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| Written by Miles Spencer

Coffee-Direct Recommends – "Story of…Coffee"


You may have been watching the Story of… series on Netflix, which now includes a fascinating episode on our favourite drink: Story of…Coffee.

This coffee-loving episode takes a deep dive into the world of coffee, looking at everything from how coffees are produced and the history of coffee cultivation, to coffee traditions and cultures, the roasting process and the ways in which coffee producers taste and evaluate coffee.

Some Key Coffee Facts…
There were some great snippets of coffee information that we find especially interesting:

  • 2.25 billion cups of coffee are consumed around the world every day!
  • Coffee is the second most traded commodity on the planet, after oil
  • Coffee production provides more than 25 million farmers in developing nations with their economic livelihoods
  • The entire world’s coffee supply is grown along the equatorial zone, between 25 degrees north and 30 degrees south.
  • This growing area, known as the “Bean Belt”, is located between the tropics of Cancer and Capricorn, and includes the world’s top coffee producing countries: Asia, Africa, Central and South America, the Islands of the Pacific and the Caribbean.

The Early Years of Coffee…

Coffee Cherry

The episode looked at the history of coffee, from the first known references to the bean being used to create a beverage, to the movement of coffee across the world.

It is known that, from as early as the mid-1400s, Ethiopian tribes in the South of the country were mixing dried coffee husks with hot water to create a beverage known as “buno”, which is seen by many to be the origin of modern coffee.

How Coffee Is Roasted…

Coffee Roasting

The harvest and production of coffee is just the start of its journey from cherry to beverage. The roasting process is just as important as any other stage of coffee production, and Story of… looked into this in some interesting detail.

The Process…
Once coffee beans are dried and processed, roasting transforms the green coffee beans into the aromatic brown beans we use to create our favourite drinks. This process, known as pyrolysis, is what creates the much-loved aromas and flavours of the coffee we drink.

Roasting tends to be done in the country in which the coffee beans are produced, so that freshly roasted beans reach consumers as quickly as possible.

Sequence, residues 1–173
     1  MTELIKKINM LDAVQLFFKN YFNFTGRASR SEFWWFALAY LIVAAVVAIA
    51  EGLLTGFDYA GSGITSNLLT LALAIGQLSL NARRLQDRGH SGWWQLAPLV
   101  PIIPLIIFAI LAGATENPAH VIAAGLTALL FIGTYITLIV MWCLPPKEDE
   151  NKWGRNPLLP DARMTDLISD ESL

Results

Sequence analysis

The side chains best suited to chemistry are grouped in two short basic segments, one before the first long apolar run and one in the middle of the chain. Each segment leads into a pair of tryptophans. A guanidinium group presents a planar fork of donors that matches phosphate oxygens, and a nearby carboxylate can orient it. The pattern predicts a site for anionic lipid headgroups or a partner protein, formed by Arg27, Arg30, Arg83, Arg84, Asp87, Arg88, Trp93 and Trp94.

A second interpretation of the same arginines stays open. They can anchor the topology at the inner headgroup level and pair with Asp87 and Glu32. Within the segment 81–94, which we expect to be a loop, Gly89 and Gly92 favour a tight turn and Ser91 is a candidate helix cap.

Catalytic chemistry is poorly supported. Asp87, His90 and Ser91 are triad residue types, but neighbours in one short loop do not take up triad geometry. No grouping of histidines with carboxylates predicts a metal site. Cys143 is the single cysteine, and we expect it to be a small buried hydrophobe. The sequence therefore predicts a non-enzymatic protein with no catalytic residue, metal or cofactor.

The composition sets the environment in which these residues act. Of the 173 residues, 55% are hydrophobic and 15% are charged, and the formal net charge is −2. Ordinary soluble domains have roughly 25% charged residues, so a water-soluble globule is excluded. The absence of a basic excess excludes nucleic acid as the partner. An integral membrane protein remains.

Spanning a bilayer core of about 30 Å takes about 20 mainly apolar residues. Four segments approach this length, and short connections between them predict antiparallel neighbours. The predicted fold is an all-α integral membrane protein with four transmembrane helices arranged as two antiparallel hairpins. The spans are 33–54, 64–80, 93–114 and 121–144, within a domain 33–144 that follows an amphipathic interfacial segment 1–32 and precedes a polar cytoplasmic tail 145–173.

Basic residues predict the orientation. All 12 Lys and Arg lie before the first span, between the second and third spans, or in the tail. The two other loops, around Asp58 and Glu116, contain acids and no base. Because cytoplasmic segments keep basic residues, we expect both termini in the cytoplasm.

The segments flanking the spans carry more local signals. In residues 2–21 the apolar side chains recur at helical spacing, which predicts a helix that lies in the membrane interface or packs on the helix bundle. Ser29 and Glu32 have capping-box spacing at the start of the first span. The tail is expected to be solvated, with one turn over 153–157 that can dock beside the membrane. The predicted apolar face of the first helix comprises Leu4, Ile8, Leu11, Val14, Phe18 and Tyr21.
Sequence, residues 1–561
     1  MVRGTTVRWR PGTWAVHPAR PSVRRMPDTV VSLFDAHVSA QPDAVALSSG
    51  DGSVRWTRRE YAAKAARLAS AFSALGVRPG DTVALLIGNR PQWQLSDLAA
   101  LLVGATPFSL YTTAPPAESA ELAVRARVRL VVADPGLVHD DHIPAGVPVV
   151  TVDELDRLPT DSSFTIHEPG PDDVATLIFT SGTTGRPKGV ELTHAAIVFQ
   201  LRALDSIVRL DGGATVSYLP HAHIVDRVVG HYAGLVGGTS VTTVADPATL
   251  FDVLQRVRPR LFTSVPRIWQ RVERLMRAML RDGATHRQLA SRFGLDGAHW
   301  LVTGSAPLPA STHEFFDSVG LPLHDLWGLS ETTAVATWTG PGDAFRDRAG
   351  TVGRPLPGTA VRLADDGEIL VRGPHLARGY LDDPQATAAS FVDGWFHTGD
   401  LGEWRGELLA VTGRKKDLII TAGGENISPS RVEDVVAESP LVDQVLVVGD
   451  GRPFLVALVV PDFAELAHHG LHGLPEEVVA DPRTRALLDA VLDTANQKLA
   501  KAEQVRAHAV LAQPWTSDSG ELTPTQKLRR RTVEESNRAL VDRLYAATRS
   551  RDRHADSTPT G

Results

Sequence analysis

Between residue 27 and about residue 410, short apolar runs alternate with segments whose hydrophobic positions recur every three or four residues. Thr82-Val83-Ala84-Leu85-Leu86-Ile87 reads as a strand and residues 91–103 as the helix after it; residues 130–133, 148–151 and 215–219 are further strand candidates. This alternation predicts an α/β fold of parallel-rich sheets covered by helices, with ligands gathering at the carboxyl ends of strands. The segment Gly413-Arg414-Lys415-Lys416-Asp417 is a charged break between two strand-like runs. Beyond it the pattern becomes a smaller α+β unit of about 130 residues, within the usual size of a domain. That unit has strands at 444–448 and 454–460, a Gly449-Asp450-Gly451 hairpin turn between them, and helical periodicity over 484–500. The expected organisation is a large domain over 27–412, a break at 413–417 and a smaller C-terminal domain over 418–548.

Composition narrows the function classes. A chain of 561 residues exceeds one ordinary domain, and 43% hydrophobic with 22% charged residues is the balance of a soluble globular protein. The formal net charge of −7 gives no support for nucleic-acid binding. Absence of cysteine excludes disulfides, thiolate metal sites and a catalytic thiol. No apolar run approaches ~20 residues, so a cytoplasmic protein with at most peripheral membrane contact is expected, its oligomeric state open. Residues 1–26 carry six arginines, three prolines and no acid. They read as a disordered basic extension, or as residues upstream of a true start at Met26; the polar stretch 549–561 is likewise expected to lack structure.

A drum inside the roasting machine is used to tumble beans around in heated air, with this heated air performing the roasting process. It’s the job of experienced roasters to be able to gauge how far along in the roasting process a batch of beans are, based on colour, aroma and the temperature of the machine interior during the roasting process.

After roasting, coffee beans will be at temperatures of around 200-210 degrees Celsius. Beans are then cooled by large fans on a cooling tray, ideally within three or four minutes. Once cooled, the roasted beans may be blended with other varieties, or packaged as a single variety ‘origin’ coffee.

How to Taste Coffee…

Coffee Tasting

In order to determine what makes a great cup of coffee, roasters need to know what to look for (as well as taste and smell for!)

Story of…Coffee looked into some of the key attributes that are assessed during coffee tasting:

This does not refer as such to a sugar-like sweetness, but rather a pleasing sweet quality that is found in many quality coffees. A sweetness in coffee is present when the coffee cherries are harvested at the peak of ripeness.

Acidity in coffees refers to a fresh, juicy quality. The higher grown a coffee is, the more acidity it will likely have.
Acidity is a good characteristic in coffee when not too overpowering, but if a coffee shows all acidity and no sweetness, this imbalance will not be very pleasing to a drinker.

This refers to whether a coffee is light or heavy (think skimmed milk or whole milk for a good comparison). An important characteristic, mouthfeel can vary based on how dry the beans were during production, with very dry roasted beans usually resulting in a heavier coffee.

Often referred to as ‘strength’, bitterness in coffee is based on how dark the roast is, with darker, longer roasted coffees showing less sweetness and acidity, and more bitterness.

A fundamental attribute for coffee, aroma is perhaps most noticeable in its absence; try a coffee made from instant coffee granules and you’re unlikely to experience any of the wonderful, complex aromas that you will find with a freshly roasted coffee bean.

The Gaggia Espresso Machine…


We were thrilled to see the infamous Gaggia espresso machine get a mention in the episode, which rightly cites the invention of the machine as a key point in the development of coffee culture in Europe and the world over.

The Italian-made Gaggia espresso machine was revolutionary in its design and helped to make espresso the most important drink in the world of coffee.

We stock our own range of Gaggia espresso machines and bean-to-cup machines at Coffee-Direct, so you can take a look and find out why Story of…Coffee chose to celebrate this iconic piece of coffee history and culture.